26 October 2021
As we close off on another National Water Week in Australia and anticipate COP 26 in the UK starting in early November, it is an excellent time to check in on the consideration of climate risks and resilience as part of water supply planning, asset management and operations including the implementation of water efficiency measures.
Transition risk and decarbonisation remain critical focuses of the industry and should rightly dominate planning considerations as we move as a nation toward a net zero emissions target. However, on the resilience and adaptation side of climate risk, the level of action and investment by water utilities is much less certain.
Some of the critical risks to water utilities from a changing climate and more extreme weather events include:
yield reliability and security;
the ability to respond effectively to more extreme weather events and natural disasters;
increased frequency of water quality incidents;
damage and increasing maintenance concerning built assets from acute (storm-related damage) and chronic impacts (such as sea level rise and heat);
increased exposure and safety risks to staff and contractors; and
gaps and uncertainty in the knowledge of climate projections, the timing of impacts and how they will affect operations.
While significant in their own right, these climate complications must also be considered in the broader context of the challenges to meet water demand over time as demographics change.
In recognition of the importance of climate change and its effect on long-term planning and operations, governments are imposing new requirements for corporations to disclose climate risk, which includes, most notably, using guidance frameworks like the Taskforce on Climate-Related Financial Disclosures (TCFD) to assess how climate change can affect critical areas of governance, strategy, risk assessment and treatment and the development of metrics and indicators for tracking progress by an organisation. While the current focus of the TCFD is on the financial, investment and insurance sectors, it is clear that Government Owned Corporations will also be strongly encouraged to follow this guidance based on current audit office policies and guidance.
While there is a plethora of documentation now available to assist the water sector, the Water Services Association of Australia's (WSAA) Guidelines on Climate Change Adaptation Guidelines (2016) – developed with and by the industry - remains an excellent resource and blueprint for how to consider and address climate change adaptation by water utilities.
Recognising that organisations across the country are at different stages of implementation, the Guidelines are designed to help water utilities with all stages of the adaptation process, from initial appreciation and awareness of the issues to the performance, monitoring and improvement of response actions.
The guidance and steps within the WSAA Guideline remain a helpful starting point for addressing the broader risk assessment that TCFD will require.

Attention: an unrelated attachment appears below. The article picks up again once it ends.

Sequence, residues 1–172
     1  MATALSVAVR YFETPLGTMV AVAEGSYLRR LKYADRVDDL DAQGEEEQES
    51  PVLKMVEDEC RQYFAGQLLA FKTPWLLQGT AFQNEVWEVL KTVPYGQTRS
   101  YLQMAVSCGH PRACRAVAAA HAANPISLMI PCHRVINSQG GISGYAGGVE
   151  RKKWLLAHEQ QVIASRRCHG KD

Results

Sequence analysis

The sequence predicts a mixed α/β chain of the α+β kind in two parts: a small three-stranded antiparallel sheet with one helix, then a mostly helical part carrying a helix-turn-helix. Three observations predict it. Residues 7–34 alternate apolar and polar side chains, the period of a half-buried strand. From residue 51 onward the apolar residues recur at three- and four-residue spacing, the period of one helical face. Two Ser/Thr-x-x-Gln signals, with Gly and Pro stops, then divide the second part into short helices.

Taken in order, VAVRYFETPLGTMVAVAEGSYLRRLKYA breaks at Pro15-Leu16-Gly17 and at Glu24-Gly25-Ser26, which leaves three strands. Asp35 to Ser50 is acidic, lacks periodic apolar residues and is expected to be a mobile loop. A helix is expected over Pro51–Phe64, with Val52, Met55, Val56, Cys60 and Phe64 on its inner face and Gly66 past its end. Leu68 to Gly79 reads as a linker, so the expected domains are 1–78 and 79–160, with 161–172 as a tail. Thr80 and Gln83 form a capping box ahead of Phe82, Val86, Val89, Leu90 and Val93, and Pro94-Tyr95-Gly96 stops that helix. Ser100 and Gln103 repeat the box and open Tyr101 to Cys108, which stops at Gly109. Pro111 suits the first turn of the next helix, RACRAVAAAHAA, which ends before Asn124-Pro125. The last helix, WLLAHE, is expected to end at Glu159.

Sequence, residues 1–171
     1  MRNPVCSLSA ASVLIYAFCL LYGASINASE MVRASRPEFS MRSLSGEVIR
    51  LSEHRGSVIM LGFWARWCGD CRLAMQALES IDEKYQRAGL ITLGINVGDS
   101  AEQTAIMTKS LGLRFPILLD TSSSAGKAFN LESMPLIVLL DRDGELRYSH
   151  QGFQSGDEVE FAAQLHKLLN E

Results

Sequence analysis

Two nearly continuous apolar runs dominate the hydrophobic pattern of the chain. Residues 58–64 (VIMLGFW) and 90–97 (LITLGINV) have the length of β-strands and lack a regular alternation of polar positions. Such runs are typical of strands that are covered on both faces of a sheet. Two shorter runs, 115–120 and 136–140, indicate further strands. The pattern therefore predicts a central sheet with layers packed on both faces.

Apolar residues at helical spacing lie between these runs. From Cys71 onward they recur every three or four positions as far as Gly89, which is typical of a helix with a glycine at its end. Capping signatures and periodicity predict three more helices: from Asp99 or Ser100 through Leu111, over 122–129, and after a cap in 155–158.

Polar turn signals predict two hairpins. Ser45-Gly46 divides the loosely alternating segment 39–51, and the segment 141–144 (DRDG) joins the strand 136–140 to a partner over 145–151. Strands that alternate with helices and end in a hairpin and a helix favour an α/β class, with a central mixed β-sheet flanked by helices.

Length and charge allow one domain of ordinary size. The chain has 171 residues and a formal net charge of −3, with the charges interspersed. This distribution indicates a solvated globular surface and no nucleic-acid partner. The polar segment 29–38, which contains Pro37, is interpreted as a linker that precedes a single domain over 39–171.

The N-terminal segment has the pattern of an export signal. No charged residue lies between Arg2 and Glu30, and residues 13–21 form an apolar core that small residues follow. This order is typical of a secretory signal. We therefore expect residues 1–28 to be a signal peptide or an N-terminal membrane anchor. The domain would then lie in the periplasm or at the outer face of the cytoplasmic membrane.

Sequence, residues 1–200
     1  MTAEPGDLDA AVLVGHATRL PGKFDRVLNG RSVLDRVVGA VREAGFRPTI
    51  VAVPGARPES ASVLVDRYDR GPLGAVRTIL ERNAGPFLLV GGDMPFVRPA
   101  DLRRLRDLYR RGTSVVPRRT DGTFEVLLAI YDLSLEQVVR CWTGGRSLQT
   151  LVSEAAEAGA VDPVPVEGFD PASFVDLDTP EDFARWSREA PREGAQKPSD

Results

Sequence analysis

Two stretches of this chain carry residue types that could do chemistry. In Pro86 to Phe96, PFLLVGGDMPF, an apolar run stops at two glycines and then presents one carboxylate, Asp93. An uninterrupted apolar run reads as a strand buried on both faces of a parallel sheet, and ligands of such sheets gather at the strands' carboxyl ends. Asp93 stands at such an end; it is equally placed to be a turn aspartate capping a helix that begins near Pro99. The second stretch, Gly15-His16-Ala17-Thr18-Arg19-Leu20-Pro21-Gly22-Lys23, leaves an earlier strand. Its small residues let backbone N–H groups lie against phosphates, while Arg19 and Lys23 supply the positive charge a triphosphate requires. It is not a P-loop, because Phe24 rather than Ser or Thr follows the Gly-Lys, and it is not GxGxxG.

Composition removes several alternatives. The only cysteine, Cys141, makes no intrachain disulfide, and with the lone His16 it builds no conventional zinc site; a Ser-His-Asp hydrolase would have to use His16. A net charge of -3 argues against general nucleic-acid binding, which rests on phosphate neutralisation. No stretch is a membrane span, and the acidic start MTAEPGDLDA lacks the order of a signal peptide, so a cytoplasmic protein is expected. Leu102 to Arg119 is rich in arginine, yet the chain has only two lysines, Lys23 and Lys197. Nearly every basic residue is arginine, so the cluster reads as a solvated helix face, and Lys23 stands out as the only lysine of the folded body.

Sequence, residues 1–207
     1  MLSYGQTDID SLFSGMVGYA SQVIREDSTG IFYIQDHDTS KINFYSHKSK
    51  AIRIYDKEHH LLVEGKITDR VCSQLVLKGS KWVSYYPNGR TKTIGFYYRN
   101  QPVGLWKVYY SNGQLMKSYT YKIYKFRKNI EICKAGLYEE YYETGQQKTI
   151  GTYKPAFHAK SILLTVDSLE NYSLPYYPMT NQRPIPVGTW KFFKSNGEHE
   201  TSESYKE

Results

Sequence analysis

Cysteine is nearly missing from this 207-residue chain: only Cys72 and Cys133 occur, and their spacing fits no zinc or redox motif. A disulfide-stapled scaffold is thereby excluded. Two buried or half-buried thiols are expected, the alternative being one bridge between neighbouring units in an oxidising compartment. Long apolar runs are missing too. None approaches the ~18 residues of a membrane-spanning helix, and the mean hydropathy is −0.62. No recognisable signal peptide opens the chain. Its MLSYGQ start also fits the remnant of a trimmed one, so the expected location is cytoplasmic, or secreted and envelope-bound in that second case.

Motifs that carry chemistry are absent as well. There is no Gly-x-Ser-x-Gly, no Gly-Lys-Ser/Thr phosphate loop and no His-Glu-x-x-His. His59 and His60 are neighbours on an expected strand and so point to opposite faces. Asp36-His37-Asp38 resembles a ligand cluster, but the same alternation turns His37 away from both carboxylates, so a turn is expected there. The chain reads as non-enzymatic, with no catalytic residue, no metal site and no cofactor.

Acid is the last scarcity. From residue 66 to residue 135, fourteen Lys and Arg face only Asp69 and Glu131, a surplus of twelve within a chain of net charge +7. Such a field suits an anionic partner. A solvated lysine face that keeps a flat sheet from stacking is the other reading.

Water efficiency plans and measures should sit at the centre of any climate change strategy for water utilities in terms of reducing energy consumption (and carbon emissions) and dealing with an uncertain water supply and weather extremes.
While the challenges of this predicted 'La Nina' summer is likely to be in the margins of too much water in some locations, Australia is still the driest inhabited continent on earth, so we need to keep up our reputation as being internationally renowned for our water management practices that make every drop count - and for keeping water as affordable as possible into the future, which is especially the case in areas impacted by population growth and water scarcity that must now look to increasingly expensive water source options.
While many water utilities may have traditionally been content to sell as much water as possible in the 'good times and rely on urgent restrictions to scrape through drought periods, it seems likely that the coming years (and increasingly, customers) will demand more sophisticated and strategic management of vital resources. Unnecessary water demands continually undercut the resilience of our storage and infrastructure - creating an ongoing cost burden to our communities and industries and amplifying the risk of catastrophic water system failure.
As an industry, we need to be sure that we have a clear picture of what our water is doing and confidence that we're not wasting it anywhere.
Are you interested in any of this content? Please speak to one of our experts today listed below.
Greg is a Senior Associate at BMT and leads the firm’s global campaign related to climate risk and resilience. Based in Brisbane, Australia, Greg has over 25 years of experience in natural hazard and climate change planning and adaptation studies with planning, transport, and conservation authorities.
Adam’s many years of detailed waterefficiency analysis and auditing has provided him with industry leading skills and experience in how water is used across a range of sectors - and a track record of identifying large efficiency improvements with strong return on investment. He has completed hundreds of water efficiency audits throughout Australia, developed and managed industry-leading research into water use, managed strategic water use planning for large organisations and regularly provides training and education to resource efficiency specialists in the commercial and government sectors.
Adam is considered a key industry expert in water use across a wide range of water using facilities, spanning the industrial, defence, utility, residential, strata, commercial, wastewater, council, health, retail and government sectors.
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